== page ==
Listuguj First Nation offers McGill education degree in fall
Program starts in September, chief predicts 'ripple effect will be tremendous'
A bachelor of education program offered through McGill University will debut in Listuguj First Nation in September, taught by community members with master's degrees and doctorates.
From 41 applicants, 25 students have been chosen, all Mi'kmaq students from Listuguj, Eel River Bar, and Gesgapegiag First Nations. Several more applicants have been put on a waiting list.
The bachelor of arts in community studies offered through Cape Breton University was also a popular program.
"First off it's being offered here in Listuguj," said Listuguj Chief Darcy Gray. "Secondly it's being taught primarily by our people and third, you're going to see so much incorporation of our traditions, our culture, our history, our ways of learning traditional knowledge. Those kind of things will be written into our program and delivered by our people."
Gray says he and his council are trying to shift the mentality around education on the reserve, and create new curriculum for the community's Alaqsite'w Gitpu School.
We're trying to determine the shift of what's important and redefine success for our people.- Listuguj Chief Darcy Gray
"We're trying to determine the shift of what's important and redefine success for our people and say for our culture and Mi'kmaq people to be successful we need to teach what's important to us," said Gray.
"This is tremendous because you have parents who will be part of this, setting an example for their children. The positive energy created by this, teaching your own people in your own backyard by your own people, it's such a ripple effect that we saw through the bachelor of arts in community studies. The cohort mentality that's created where everybody's there to support, everybody's on the same page, and the goal is everybody be successful. So the ripple effect is tremendous."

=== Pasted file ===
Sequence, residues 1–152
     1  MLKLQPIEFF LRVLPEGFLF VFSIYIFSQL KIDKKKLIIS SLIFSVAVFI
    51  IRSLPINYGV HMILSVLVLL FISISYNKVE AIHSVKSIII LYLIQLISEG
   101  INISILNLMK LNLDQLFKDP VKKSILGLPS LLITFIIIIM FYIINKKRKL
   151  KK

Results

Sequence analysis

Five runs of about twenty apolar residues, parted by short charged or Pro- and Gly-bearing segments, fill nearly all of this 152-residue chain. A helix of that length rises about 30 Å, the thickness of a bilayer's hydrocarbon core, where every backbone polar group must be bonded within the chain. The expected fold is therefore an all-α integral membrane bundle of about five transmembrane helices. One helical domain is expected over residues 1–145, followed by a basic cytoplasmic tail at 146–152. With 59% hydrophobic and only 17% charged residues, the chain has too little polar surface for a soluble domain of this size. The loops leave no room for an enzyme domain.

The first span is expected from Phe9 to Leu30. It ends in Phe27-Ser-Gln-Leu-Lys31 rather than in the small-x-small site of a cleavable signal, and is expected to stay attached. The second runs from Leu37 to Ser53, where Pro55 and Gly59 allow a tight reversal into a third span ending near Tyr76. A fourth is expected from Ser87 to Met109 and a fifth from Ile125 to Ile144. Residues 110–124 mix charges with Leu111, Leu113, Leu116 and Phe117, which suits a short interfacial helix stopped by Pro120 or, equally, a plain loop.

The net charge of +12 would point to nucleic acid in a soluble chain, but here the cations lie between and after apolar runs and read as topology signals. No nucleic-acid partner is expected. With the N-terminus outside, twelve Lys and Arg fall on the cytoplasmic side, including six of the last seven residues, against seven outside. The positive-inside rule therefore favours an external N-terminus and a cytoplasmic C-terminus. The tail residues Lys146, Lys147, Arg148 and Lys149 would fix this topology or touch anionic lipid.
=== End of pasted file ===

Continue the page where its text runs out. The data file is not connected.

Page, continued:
Something to succeed in
Kaitlyn Barnaby, 22, has been working as a special care worker in her community, but says "entry-level jobs get old fast."
"There's never been a time when you can succeed on the reserve. There's never been that option for us."
Barnaby looks forward to being able to "inspire young minds," and educate young people in her community. She found out in early August she would be admitted to the bachelor of education program and was thrilled.
Her friend, Leha Jacques, 24, is already an educator. She works at the Alaqsite'w Gitpu School.
"The words I know in Mi'kmaq, I like to incorporate them with my daughter. I think it's very important that she'll get that from me too, and the kids at the school that I work with," said Jacques.
"You have parents who will be part of this, setting an example for their children," said Gray, who is also an educator by trade, and delivered curriculum for the University of Cape Breton program.
"The positive energy created by this, teaching your own people in your own backyard by your own people, it's such a ripple effect."